Electric and gas bills will be going up this winter, according to energy companies in the state.
"In total, the monthly bill of a typical residential electric customer using 600 kWh (kilowatt-hours) will increase from $179 in the winter 2021-2022 season, to approximately $293 for the winter 2022-2023 season," National Grid stated.
That's a 64% jump. The rate increase will take place in November.
"With energy costs rising due to global conflict, inflationary pressures, and high demand as the winter heating season approaches, National Grid understands the impact this increased financial burden can have on our customers and communities, especially when we are all experiencing increased costs for other goods and services," the company stated. "National Grid buys energy on behalf of our customers from the wholesale market and passes through those costs without any markup or profit, so customers pay what National Grid pays for that energy."
Energysage.com explained on average, electricity users in Massachusetts spend about $282 per month on electricity. That adds up to $3,384 per year.
"That's 22% higher than the national average electric bill of $2,780," according to Energysage.com. "The average electric rates in Massachusetts cost 26 ¢/kilowatt-hour (kWh), so that means that the average electricity customer in Massachusetts is using 1,080 kWh of electricity per month, and 12,960 kWh over the course of the year."
Energysage.com added over the next 25 years, "customers should expect to pay $109,700 on electric bills in Massachusetts."
Eversource rates will go up as well this season.
"The company seeks to increase its rates to generate $89,477,862 in additional revenues," according to a statement. "The company proposes to transfer costs recovered through certain reconciling mechanisms, which totaled $58,184,827 in calendar year 2020, to base distribution rates, effective Dec. 1, 2022. Based on this proposal, the proposed overall increase to distribution revenues is $147,662,689, which represents a 13.2% increase in distribution revenue."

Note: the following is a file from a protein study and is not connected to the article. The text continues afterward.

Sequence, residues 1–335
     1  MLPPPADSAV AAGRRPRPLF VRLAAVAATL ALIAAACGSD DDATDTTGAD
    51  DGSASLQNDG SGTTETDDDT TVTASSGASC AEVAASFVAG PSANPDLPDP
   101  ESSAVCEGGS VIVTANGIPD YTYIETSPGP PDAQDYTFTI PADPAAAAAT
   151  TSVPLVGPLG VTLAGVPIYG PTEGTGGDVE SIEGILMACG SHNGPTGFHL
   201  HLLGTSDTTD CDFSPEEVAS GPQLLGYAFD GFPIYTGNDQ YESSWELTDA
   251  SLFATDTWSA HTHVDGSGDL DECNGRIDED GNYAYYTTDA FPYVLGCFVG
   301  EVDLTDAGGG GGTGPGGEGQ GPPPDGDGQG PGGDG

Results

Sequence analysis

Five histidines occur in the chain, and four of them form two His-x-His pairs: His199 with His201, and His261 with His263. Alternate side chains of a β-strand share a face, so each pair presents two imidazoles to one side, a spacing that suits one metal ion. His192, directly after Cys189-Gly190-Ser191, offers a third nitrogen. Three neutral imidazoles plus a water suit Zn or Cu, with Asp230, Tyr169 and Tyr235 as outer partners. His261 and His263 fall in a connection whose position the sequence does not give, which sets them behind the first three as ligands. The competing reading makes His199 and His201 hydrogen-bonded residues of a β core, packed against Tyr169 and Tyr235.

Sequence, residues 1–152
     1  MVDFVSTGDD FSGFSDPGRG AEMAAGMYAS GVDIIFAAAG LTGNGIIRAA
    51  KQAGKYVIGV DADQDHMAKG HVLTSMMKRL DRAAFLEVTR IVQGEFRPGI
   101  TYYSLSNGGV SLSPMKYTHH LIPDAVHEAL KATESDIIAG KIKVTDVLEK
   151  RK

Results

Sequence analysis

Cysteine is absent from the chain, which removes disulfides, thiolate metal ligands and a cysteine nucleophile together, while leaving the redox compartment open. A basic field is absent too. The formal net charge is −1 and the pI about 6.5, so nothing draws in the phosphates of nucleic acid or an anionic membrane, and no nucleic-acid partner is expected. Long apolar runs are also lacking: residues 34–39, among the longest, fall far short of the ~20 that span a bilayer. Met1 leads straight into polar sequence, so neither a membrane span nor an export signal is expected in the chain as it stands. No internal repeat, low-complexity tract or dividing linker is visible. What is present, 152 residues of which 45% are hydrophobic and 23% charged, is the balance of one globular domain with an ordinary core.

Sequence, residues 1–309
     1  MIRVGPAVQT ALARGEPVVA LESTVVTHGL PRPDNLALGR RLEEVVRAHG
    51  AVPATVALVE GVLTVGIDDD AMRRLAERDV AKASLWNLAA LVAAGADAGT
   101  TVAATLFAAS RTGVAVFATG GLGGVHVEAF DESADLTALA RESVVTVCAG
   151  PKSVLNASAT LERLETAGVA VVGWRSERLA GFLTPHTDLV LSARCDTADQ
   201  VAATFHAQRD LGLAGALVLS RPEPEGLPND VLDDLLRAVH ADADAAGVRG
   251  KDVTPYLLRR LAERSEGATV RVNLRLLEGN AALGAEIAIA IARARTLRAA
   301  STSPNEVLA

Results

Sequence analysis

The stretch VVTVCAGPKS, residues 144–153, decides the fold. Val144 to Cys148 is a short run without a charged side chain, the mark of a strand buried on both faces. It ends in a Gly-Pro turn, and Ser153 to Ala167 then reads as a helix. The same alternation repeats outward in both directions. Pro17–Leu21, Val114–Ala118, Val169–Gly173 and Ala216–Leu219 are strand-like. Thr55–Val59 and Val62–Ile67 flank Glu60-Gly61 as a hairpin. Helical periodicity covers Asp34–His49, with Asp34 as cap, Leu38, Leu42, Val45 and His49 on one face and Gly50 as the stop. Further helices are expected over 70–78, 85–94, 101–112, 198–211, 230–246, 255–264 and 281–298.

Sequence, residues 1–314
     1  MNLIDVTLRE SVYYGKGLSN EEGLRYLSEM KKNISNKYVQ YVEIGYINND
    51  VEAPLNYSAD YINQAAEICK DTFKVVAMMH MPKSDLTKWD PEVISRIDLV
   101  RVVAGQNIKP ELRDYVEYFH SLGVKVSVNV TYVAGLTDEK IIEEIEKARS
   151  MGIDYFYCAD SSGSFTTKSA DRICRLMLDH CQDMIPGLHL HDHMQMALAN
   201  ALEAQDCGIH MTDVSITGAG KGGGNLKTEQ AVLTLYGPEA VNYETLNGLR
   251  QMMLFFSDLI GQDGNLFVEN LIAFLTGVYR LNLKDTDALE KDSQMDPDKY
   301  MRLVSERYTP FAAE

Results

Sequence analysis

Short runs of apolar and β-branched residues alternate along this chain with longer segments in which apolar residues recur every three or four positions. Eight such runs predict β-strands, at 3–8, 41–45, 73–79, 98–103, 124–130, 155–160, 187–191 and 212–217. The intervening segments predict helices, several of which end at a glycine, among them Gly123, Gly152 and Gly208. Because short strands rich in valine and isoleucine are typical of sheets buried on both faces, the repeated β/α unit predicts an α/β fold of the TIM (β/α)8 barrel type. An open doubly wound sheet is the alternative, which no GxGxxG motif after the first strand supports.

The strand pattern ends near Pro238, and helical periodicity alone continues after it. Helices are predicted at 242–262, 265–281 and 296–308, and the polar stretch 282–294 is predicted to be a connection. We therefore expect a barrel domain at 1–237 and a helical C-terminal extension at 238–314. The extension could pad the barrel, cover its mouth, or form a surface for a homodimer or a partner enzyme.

WCVB reports that the average Boston Gas residential heating bill will increase $50 or 22% and the average Colonial Gas residential heating customer will see an increase of $47 or 24%, compared to rates last year.
"Eversource said its proposed natural gas rates, scheduled to take effect on Nov. 1, would increase prices by about 38% or $86 for customers in the former NSTAR Gas service area and 25% or $61 for those in the former Columbia Gas territory," WCVB stated.
National Grid stated, "There are a number of variables that can cause your energy bill to fluctuate each month. Changes in the season can have an impact on the amount of electricity and gas you use. Another factor could be the operation of your equipment."
Some people in Massachusetts have chosen to use solar energy, which is cheaper than current options.
"Assuming an 2.1% annual increase in electricity prices and that you install your system with a $0-down loan, you can expect to save $3,400 in your first year, $17,600 over five years, $37,200 over 10 years, and $82,900 over 20 years on electric bills in Massachusetts," Energysage.com states, regarding solar energy systems.
The state also has programs where customers can get help in paying their energy bills via the Low Income Home Energy Assistance Program.
"The Low Income Home Energy Assistance Program application is free. No fee is required to apply, and free help is available to complete applications," Mass.gov stated. "If eligible, discounts are automatically given on electric bills for investor owned electric utilities; gas bills for investor-owned gas utilities; and telephone bills."